The Glass House Mountains are a unique set of 11 mountains and hills in Queensland. They were formed from molten lava rock somewhere around 26 or 27 million years ago. The highest point is Mount Beerwah at 555 metres high. All 11 peaks and the surrounds are part of the Glass House Mountains National Park. They were discovered by Captain James Cook in May of 1770; however the original land owners, the Gubbi Gubbi people. The mountains have great significance to the aboriginal cultures and have always been an important meeting place. The names of the mountains in the range are Mount Beerburrum, Mount Beerwah, Mount Coochin, Mount Coonowrin (Crookneck), Mount Elimbah (The Saddleback), Mount Ngungun, Mount Tibberoowuccum, Mount Tibrogargan, Mount Tunbubudla (The Twins), Wild Horse Mountain (Round Mountain) and Mount Miketeebumulgrai.

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View of the Glass House Mountains from Wild Horse Mountain lookout in Beerburrum Photo Credit:

Budget Blog - Glass House Mountains

Glass House Mountains viewed from Mary Cairncross Reserve Photo Credit: Wikipedia

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Glass House Mountains labeled photo credit:

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Glass House Mountains Map photo credit: Google Maps

Hiring a Car for a Trip to the Glass House Mountains

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Glass House Mountains Car Hire Map Photo Credit:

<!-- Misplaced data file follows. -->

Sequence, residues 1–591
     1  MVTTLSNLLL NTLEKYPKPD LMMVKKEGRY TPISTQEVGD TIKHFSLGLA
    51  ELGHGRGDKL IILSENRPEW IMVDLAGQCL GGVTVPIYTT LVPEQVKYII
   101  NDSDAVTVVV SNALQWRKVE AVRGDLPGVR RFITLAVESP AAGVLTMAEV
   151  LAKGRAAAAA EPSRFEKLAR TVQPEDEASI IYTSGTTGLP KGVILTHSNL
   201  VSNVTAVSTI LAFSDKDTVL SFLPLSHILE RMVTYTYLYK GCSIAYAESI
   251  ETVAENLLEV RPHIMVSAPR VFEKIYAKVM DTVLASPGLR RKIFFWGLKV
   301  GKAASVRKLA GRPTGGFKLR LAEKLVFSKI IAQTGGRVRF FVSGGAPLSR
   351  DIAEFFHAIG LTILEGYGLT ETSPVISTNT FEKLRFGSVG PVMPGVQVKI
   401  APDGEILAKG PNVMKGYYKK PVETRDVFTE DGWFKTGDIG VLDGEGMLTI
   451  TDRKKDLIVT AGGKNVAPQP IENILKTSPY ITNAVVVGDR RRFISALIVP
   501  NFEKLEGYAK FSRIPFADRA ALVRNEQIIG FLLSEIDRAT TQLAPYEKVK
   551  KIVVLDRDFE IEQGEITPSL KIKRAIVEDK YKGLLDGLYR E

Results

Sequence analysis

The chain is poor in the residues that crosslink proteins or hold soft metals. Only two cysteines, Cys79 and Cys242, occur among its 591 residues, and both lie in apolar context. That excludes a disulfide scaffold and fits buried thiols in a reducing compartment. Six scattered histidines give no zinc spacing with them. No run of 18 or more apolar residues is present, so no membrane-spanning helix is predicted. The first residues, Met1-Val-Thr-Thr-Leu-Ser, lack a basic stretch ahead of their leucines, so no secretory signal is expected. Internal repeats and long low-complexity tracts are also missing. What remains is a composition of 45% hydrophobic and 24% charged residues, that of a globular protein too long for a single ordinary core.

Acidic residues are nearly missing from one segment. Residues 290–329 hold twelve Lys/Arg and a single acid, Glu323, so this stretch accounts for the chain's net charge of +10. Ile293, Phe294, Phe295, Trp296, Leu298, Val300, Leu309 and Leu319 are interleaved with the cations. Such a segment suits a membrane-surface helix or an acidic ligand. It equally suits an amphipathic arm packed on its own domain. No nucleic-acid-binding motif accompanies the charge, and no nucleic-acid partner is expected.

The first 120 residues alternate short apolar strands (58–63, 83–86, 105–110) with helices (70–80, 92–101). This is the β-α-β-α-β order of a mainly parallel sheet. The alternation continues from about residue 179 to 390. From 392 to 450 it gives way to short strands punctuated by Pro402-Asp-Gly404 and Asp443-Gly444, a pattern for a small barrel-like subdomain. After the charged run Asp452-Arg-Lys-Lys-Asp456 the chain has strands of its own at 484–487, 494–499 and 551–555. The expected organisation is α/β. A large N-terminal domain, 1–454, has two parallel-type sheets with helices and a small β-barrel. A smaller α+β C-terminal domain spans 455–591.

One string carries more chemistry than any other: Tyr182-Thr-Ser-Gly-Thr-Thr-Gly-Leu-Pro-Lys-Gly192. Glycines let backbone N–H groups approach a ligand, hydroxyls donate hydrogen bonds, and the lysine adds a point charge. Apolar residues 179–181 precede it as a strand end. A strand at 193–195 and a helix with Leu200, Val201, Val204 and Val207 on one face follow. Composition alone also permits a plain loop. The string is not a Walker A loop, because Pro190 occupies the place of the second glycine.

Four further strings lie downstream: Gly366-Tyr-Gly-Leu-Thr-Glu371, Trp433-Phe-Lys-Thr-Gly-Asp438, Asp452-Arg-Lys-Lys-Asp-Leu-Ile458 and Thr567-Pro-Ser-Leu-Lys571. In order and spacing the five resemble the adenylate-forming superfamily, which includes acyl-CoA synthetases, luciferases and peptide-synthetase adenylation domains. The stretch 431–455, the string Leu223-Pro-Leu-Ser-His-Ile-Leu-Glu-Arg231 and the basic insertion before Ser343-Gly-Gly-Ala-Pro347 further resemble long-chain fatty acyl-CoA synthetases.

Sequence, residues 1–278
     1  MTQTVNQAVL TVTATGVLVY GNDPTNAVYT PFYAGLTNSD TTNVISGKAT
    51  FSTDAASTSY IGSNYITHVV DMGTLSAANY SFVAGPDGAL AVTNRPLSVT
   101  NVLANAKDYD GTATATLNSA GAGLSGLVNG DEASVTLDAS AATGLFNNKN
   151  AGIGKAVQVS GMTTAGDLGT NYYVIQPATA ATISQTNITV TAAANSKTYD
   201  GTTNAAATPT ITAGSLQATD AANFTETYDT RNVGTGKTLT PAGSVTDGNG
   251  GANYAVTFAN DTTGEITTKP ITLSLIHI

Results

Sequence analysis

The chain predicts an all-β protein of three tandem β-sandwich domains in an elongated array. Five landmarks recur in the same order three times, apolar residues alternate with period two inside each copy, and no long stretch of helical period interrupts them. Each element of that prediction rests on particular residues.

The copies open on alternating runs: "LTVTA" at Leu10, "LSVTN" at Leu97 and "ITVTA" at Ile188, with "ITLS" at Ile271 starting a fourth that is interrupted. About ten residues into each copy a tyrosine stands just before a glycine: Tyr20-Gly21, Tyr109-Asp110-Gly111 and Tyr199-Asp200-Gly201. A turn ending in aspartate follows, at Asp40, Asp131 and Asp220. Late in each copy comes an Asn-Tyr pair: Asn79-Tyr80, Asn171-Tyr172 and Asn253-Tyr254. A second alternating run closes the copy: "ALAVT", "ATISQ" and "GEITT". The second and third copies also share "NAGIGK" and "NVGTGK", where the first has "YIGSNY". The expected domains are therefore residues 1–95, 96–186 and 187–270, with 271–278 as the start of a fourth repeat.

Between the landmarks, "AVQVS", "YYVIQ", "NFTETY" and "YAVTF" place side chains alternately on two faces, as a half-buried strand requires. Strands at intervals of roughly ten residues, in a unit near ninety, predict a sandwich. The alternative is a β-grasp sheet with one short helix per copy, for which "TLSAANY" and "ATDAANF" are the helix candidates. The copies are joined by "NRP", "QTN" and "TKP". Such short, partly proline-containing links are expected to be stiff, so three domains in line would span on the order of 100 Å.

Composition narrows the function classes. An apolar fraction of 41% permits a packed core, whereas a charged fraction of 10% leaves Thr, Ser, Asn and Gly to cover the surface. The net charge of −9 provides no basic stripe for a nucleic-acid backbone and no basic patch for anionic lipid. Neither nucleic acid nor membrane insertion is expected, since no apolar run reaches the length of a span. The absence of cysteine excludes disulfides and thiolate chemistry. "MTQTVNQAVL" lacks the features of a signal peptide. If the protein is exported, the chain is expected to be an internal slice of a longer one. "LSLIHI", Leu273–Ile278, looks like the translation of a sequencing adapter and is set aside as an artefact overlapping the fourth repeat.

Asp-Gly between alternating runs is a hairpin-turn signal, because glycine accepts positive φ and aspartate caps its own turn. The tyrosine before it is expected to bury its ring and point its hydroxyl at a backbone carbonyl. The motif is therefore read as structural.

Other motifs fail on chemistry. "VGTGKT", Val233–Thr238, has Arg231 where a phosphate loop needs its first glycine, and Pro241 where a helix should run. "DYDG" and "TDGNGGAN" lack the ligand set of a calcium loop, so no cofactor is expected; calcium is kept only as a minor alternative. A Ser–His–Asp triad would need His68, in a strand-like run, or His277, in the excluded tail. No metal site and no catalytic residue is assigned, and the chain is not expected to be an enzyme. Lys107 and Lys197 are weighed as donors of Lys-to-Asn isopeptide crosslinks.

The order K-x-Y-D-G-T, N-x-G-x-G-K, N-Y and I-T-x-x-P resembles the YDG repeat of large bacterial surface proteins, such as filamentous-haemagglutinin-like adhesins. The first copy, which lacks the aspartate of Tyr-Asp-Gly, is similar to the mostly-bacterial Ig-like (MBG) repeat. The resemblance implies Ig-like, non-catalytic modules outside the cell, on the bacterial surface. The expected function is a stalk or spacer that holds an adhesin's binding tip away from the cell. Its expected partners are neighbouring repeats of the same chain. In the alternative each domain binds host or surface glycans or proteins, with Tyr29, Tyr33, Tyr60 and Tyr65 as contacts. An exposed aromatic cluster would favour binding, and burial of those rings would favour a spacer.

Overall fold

The Glass House Mountains are about an hour drive north of Brisbane in between Brisbane and the Sunshine Coast. There are many convenient car hire locations in both Brisbane and the Sunshine Coast. If you are driving up from the Brisbane in the south, you can hire a car at the Sunshine Coast Airport and Maroochydore City location. If you are coming from the north, you can hire a car at the Sunshine Coast airport location. When hiring a car, be sure to let your car rental agent know your itinerary so that they can provide you with driving tips and maps to get you safely to your destination and back. They can also alert you to any driving restrictions that car rental agencies might have.

Things to do in the Glass House Mountains and Surrounds

There is much to do while on holiday in the Glass House Mountains. Camping, hiking, biking, are among the top activities to do while in the area. Captain Cook named the mountains because he thought that they reminded him of his glass furnaces at home back in England. When you arrive for a holiday, you can stop at the Glass House Mountains Interpretive Centre to learn about the attractions, events, and see what’s on.